Wednesday, March 9, 2016

Prince Rupert Council to seek re-opening of Ridley Island Tax Agreement and share of potential Pacific NorthWest LNG revenue

Councillor Blair Mirau led the discussion
Monday night on the theme of the
Ridley Island Tax Agreement
An upcoming meeting between Port Edward and Prince Rupert Council members  will no doubt be held behind closed doors, but if Prince Rupert City Council is thinking big, booking the Civic Centre Arena for a proposed Council to Council engagement session with Port Edward Council, might be one revenue generating plan that will pay off in great numbers.

Such would be the anticipation of the residents of the North Coast, that many would no doubt be willing to pay to sit in to watch what could be a most fascinating discussion. Interested no doubt, in seeing how the District of Port Edward is going to respond to a pair of revenue sharing concerns that the City of Prince Rupert has in mind for a discussion with their neighbours.

Monday night City Council outlined its plan of engagement to introduce some sure to be contentious discussion topics for the District, a pair of issues that perhaps highlight a growing split in the region when it comes to shared burdens and anticipations when it comes to potential revenue streams.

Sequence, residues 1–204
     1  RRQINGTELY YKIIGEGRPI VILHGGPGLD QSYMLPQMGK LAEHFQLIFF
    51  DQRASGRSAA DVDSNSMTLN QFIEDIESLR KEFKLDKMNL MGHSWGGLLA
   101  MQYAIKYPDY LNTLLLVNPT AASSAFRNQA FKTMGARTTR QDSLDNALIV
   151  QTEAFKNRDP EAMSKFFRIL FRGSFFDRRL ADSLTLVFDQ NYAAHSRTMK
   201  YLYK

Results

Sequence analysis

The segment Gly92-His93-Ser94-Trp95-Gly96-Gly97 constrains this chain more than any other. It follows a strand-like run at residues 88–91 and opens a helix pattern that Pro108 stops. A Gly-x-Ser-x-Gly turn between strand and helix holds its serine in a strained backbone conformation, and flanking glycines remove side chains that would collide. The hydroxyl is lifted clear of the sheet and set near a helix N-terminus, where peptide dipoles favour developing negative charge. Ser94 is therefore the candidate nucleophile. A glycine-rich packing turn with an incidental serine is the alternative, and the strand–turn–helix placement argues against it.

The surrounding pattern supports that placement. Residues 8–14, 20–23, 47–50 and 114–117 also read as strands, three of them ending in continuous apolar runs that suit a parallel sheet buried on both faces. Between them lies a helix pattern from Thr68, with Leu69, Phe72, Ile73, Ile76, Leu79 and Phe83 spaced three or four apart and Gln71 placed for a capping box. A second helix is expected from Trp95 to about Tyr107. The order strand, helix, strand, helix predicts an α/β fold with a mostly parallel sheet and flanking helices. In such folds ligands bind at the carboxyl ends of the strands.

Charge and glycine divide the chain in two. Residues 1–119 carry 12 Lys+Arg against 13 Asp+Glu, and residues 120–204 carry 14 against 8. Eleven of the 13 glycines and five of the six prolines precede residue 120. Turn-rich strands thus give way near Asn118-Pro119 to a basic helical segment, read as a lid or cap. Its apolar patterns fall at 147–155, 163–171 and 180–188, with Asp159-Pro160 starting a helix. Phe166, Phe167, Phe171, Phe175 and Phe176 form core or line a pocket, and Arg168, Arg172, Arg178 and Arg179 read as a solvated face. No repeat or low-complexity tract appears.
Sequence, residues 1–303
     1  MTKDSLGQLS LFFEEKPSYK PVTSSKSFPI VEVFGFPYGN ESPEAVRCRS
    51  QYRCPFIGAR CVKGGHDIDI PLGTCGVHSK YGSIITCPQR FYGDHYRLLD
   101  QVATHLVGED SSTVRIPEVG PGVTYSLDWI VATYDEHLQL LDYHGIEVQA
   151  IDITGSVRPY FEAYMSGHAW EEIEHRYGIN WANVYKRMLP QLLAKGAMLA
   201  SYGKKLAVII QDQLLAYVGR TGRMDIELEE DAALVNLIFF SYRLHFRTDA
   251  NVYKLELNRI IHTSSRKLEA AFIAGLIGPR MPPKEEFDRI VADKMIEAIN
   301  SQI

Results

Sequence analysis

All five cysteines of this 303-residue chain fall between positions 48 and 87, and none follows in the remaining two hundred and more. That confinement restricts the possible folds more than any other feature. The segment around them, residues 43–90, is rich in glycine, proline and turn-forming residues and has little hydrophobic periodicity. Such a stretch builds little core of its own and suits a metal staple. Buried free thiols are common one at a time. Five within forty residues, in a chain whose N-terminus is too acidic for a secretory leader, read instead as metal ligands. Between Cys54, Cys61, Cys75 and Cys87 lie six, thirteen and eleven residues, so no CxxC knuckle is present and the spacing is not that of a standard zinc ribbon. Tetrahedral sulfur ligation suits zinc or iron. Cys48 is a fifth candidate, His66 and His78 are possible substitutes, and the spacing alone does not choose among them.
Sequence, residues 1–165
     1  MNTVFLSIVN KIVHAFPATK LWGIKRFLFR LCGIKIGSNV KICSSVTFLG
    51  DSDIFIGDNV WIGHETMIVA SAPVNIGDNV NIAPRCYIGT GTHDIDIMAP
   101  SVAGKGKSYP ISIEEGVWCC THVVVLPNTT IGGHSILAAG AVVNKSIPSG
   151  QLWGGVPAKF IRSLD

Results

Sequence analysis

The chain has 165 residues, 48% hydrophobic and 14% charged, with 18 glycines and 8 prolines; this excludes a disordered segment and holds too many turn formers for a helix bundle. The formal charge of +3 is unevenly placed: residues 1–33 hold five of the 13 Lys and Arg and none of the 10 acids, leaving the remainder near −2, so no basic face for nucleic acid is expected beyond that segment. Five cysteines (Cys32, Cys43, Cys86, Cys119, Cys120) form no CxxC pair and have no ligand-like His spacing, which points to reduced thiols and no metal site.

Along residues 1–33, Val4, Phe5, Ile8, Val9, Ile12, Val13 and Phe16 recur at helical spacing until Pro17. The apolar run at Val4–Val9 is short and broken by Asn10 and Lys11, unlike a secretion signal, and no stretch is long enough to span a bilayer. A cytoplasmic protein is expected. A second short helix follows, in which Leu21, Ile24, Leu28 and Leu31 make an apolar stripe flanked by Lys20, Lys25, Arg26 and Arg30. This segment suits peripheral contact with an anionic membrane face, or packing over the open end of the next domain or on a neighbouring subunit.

During Monday's council session, council members received a report from the City's Financial Officer Corrine Bomben, the document providing some history when it came to the creation of the Ridley Island Tax Agreement, a revenue sharing agreement that has been in place since 1980, going  back to when the City of Prince Rupert expanded its boundaries to include Ridley Island.

At that time the Province put in place the sharing percentages for revenues from Ridley, which saw Prince Rupert receive 80 percent and 20 percent directed to Port Edward.

That percentage formula was changed in 1984 to 83 percent to Prince Rupert and 17 percent to Port Edward, with the District considering the 3 percent shift as its share of operations for the Prince Rupert Civic Centre.

Since 1984, subsequent attempts by the City of Prince Rupert to seek a re-opening of the agreement have been politely turned aside by the District, which has shown no interest in changing the existing formula.

A sample of their replies can be found below, in a letter from Port Edward from October of 2014. A document which makes it pretty clear where the District stands on the issue. (click to expand)